Gorgui Dieng by the numbers: Overrated or Underrated?


Gorgui Dieng is halfway through his second season with the Wolves, and it’s still hard to tell if the Senegal native is generally overrated or underrated as a player. According to some numbers, Dieng is silently becoming one of the best up-and-coming centers in the league, but other statistics tell a different story.

Since November 15th, Wolves’ starting center Nikola Pekovic has been sidelined with an ankle injury. Pekovic’s absence finally gave Dieng a chance to prove he is more than just a mere backup.

His per-game stat line may not be very flashy, but Dieng’s 18.58 Player Efficiency Rating (PER) is right up there with stars like Dwight Howard (18.78) and DeAndre Jordan (19.35). Dieng has also proven to be the rim protector Pekovic never could be (as seen in the video below), averaging 1.7 blocks per game. In nine games this season, Pekovic only recorded two blocks.

For those who have followed his career, Dieng’s recent success is not surprising. The second-year big man made headlines this summer when he played for Senegal in the FIBA World Cup, averaging 16 points, 10.7 rebounds and 1.5 blocks per game.

Unfortunately, Dieng underperformed when Senegal faced it’s toughest opponent, Spain. Dieng shot an inefficient 1-for-9, accumulating only 6 points. He also recorded seven rebounds and zero blocks, both of which were personal worsts in the tournament. Of course, Spain’s rotation includes Marc and Pau Gasol, as well as Serge Ibaka, so his struggles weren’t really a surprise.

Dieng’s potential is evident, but he struggles with consistency. On January 1st, in a 110-101 loss to the Denver Nuggets, he had the best game of his young career, racking up 22 points, 12 rebounds and three blocks. But sometimes he looks inept, like on January 9th, in a 98-84 defeat to the Milwaukee Bucks, he only had six points and four rebounds in 28 minutes.

Jan 7, 2015; Minneapolis, MN, USA; Minnesota Timberwolves center Gorgui Dieng (5) goes up against Phoenix Suns center

Miles Plumlee

(22) in the third quarter at Target Center. The Suns win 113-111. Mandatory Credit: Bruce Kluckhohn-USA TODAY Sports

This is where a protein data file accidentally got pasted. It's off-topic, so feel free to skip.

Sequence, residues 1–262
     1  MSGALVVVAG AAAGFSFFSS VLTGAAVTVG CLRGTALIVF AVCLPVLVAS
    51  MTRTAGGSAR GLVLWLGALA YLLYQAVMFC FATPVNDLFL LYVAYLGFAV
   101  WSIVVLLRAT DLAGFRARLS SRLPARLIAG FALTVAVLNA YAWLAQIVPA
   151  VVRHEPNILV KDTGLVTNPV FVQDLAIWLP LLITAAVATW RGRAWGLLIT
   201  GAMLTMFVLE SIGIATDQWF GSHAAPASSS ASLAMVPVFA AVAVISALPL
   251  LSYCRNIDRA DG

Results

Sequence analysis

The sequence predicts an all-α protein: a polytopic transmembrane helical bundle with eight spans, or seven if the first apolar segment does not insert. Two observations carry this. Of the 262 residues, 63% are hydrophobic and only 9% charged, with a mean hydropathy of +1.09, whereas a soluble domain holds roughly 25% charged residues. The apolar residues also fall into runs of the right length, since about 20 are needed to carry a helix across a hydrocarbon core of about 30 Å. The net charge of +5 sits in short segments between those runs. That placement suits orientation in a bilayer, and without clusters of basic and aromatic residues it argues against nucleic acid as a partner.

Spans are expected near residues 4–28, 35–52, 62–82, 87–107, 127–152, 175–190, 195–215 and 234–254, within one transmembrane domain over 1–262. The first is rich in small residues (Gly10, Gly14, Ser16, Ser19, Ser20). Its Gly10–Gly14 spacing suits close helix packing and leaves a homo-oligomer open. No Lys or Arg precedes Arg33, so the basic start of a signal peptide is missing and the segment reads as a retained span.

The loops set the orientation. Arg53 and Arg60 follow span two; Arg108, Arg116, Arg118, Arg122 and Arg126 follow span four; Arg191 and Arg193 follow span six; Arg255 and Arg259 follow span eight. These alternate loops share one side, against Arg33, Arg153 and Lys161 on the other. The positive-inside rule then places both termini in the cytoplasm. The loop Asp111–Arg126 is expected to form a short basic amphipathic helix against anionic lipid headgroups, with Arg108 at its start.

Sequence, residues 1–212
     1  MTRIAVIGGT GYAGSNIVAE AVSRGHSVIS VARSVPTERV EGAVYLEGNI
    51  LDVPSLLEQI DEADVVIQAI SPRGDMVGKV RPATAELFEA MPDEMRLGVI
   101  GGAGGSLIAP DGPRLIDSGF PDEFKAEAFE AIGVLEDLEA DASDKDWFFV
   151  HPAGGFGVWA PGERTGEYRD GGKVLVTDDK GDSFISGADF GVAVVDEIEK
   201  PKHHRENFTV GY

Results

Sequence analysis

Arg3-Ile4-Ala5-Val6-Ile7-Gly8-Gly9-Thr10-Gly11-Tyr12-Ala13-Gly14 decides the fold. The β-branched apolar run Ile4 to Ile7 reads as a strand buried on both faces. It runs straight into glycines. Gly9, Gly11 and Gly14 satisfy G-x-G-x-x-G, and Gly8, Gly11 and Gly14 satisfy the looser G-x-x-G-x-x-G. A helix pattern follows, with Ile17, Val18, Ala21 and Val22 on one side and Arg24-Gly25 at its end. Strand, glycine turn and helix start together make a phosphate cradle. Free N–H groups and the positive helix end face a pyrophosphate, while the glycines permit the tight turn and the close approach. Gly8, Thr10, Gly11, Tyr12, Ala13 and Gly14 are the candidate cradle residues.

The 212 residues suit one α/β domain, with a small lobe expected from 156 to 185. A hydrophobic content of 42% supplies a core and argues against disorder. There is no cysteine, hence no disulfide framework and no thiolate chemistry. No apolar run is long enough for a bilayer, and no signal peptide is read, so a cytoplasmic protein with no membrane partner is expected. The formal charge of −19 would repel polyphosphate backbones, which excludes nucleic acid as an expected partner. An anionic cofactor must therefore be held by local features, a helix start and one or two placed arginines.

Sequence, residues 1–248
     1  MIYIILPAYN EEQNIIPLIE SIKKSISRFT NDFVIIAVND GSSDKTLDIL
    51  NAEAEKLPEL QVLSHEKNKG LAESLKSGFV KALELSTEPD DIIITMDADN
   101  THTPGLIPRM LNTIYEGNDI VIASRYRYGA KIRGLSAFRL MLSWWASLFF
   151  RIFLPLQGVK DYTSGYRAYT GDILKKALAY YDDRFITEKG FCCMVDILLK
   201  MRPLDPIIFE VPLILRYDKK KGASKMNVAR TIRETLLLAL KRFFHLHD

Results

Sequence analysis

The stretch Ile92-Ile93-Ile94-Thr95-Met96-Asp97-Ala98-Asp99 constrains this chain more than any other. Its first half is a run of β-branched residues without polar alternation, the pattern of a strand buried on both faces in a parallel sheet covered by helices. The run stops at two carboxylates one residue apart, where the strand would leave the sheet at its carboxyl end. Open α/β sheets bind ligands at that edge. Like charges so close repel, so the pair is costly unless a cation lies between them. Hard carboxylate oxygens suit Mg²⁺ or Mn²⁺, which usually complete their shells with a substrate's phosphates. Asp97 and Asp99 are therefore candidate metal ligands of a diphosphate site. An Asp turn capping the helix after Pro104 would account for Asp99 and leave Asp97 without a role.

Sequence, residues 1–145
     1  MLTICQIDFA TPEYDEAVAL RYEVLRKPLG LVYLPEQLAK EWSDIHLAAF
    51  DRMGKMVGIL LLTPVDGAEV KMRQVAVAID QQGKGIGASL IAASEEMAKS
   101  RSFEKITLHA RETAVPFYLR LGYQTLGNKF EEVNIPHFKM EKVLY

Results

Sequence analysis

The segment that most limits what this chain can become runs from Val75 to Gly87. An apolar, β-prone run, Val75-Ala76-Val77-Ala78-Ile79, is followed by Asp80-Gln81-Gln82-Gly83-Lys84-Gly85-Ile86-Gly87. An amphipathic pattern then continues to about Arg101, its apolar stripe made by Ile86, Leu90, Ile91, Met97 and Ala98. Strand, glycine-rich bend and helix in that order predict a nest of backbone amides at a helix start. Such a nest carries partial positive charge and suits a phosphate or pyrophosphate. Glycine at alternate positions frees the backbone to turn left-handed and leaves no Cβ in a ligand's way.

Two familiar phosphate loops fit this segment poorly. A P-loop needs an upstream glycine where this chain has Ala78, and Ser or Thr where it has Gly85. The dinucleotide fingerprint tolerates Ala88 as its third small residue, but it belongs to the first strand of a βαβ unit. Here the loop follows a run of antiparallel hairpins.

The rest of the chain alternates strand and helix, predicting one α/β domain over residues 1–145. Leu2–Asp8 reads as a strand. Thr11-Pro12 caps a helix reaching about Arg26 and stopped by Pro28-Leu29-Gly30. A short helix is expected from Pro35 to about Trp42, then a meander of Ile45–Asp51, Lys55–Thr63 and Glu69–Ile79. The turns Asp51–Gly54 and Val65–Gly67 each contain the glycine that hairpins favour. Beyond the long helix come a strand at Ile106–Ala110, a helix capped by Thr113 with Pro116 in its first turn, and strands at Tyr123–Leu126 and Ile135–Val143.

Many Timberwolves fans and writers will tell you Dieng is the team’s defensive anchor, but advanced statistics show he may be an overrated defender. According to 82games.com, when guarding centers, Dieng’s opponents have a 20 PER. This jives with the thinking that he’s a better help defender than he is guarding larger centers one-on-one in the post.

And what is perhaps the most perplexing (telling?) stat to consider, the Wolves are actually allowing 4.7 more points with Dieng on the court per 100 possessions. On offense, the Wolves continue to struggle with Dieng on the floor, averaging 1.3 less points per 100 possessions than with him off the court.

Unfortunately, Dieng is stuck in a bad spot due to his size. At 6’11” and 245 lbs, he is slightly undersized for a center, but he lacks the lateral quickness to guard power forwards. Per 48 minutes, when guarding power forwards, Dieng’s opponents have a whopping 37.8 PER. To put that number in perspective, a PER of 30 or higher categorizes the player as an MVP candidate.

Dieng’s struggles on defense could be a contributing factor as to why the Wolves currently rank dead last among all NBA teams in defensive efficiency, per ESPN’s Hollinger stats.

Obviously, at only 25 years old, and with less than two years of experience under his belt, Dieng has plenty of time to perfect his game. Sometimes judging a player on a terrible team strictly by the numbers can be a bit misleading.

Rajon Rondo recently made headlines when he admitted that he “hasn’t played defense in a couple years.” Rondo’s recent admission proves sometimes defensive players can lose motivation when they’re stuck on a losing squad.

Going by the numbers, Dieng has greatly underperformed. Like my grandfather always says, “numbers never lie, but they don’t always tell the whole truth.”

All stats are courtesy of ESPN, unless otherwise noted

Follow me on Twitter: @JosephZapataIII

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